CIE Seminar Series 2017 – Penguins, their poo and what they can tell us about their changing environment

SPEAKER: Ms Catherine Cavallo, PhD Candidature, Monash University

DATE: Friday, 19th May 2017
LOCATION: Warrnambool Campus, Room B3.03
TIME: 1:30pm
Seminar will also be video linked to the following campuses: Melbourne Campus at Burwood – Burwood Corporate Centre (attendees-please report to reception for room details on the day) and; Geelong Campus at Waurn Ponds – room ka4.207

External visitors – wish to join us and connect to our seminars?

  • You may connect to the live seminar via *N SEBE VMP LES Seminars [ID.36958] or via the methods listed HERE.
  • For Deakin staff and students, please join via Skype for Business (Lync).
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As a courtesy, we request that when connecting to the seminar that you mute your microphone unless you are required to speak, this would ensure that the sound from the speaker to the audience is not disrupted by feedback from your microphone – thank you!

ABSTRACT: Predator diet is used to explore food web dynamics and ecosystem function, but few diet analysis tools reveal full diet. New developments in DNA dietary analysis allow accurate interpretation of large quantities of predator scats quickly and cheaply. Metabarcoding, facilitated by Next Generation Sequencing, can identify most prey DNA at species level within a scat sample, including prey that are overlooked by other methods.

I pair DNA analysis of scats with passive automated monitoring technology, allowing non-invasive, fine-scale and continuous monitoring of the diet and foraging behaviour of a marine top predator, the little penguin. Diet diversity varies with environmental characteristics, site and month, and includes previously unrecorded gelatinous taxa.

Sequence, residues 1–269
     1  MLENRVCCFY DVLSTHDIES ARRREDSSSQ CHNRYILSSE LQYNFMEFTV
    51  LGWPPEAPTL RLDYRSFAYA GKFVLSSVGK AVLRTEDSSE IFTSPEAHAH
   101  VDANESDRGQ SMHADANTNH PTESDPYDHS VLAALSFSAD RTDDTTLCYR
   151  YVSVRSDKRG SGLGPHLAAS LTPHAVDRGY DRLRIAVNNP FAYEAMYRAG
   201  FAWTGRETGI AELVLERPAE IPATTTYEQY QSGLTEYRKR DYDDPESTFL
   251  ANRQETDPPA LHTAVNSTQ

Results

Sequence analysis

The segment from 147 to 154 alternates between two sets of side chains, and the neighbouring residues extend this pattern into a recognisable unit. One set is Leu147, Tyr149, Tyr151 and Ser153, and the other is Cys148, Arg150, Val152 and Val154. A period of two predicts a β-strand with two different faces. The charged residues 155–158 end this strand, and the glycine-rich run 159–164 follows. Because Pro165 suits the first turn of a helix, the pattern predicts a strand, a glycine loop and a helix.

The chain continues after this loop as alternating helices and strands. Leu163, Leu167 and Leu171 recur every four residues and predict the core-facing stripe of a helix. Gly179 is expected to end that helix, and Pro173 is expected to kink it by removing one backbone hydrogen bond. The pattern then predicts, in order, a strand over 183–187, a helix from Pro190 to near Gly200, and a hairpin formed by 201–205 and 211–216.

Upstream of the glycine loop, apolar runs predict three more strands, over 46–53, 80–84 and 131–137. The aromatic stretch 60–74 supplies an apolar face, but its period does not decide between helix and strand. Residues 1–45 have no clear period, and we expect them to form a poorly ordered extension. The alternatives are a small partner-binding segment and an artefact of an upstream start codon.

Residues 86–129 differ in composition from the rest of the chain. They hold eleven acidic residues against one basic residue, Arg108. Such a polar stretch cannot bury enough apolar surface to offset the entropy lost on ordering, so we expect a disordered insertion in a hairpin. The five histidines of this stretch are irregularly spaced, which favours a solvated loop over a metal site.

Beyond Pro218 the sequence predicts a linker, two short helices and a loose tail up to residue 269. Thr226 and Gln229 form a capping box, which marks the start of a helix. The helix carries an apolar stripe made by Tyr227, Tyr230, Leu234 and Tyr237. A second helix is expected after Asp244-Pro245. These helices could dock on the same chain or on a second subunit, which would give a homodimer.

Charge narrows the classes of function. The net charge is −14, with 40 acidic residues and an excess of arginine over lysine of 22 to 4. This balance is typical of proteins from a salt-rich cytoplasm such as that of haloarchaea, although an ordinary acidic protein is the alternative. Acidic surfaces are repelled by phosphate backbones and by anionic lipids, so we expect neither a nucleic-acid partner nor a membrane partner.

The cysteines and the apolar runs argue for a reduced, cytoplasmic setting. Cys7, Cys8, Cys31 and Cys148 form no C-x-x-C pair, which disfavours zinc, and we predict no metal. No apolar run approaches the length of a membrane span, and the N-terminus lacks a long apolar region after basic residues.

This non-invasive, high resolution and high coverage method provides valuable food web information and is being used to develop quantitative tools to track changes in marine food webs and ecosystems.

BIO: Cathy Cavallo is a PhD student at Monash University, where she is supervised by Richard Reina. Her PhD research is in partnership with Phillip Island Nature Parks, where she is supervised by Andre Chiaradia, and the Australian Antarctic Division, where she works under Bruce Deagle.

This research is being undertaken as part of an ARC Linkage grant to develop a novel top-down approach to ecosystem management using multivariate foraging strategies of little penguins, with collaborators at Deakin Warrnambool and the National Centre for Research in France.

Prior to her PhD, Cathy completed a Master of Science at the University of Melbourne, published her MSc research in Functional Ecology, and worked for 5 years with an ecological consultancy. In addition to her current research, Cathy volunteers as the Social Media Manager of Wild Melbourne, a not for profit nature engagement and science communication NGO.

Appointments with guest speaker may be made via Graeme Hays.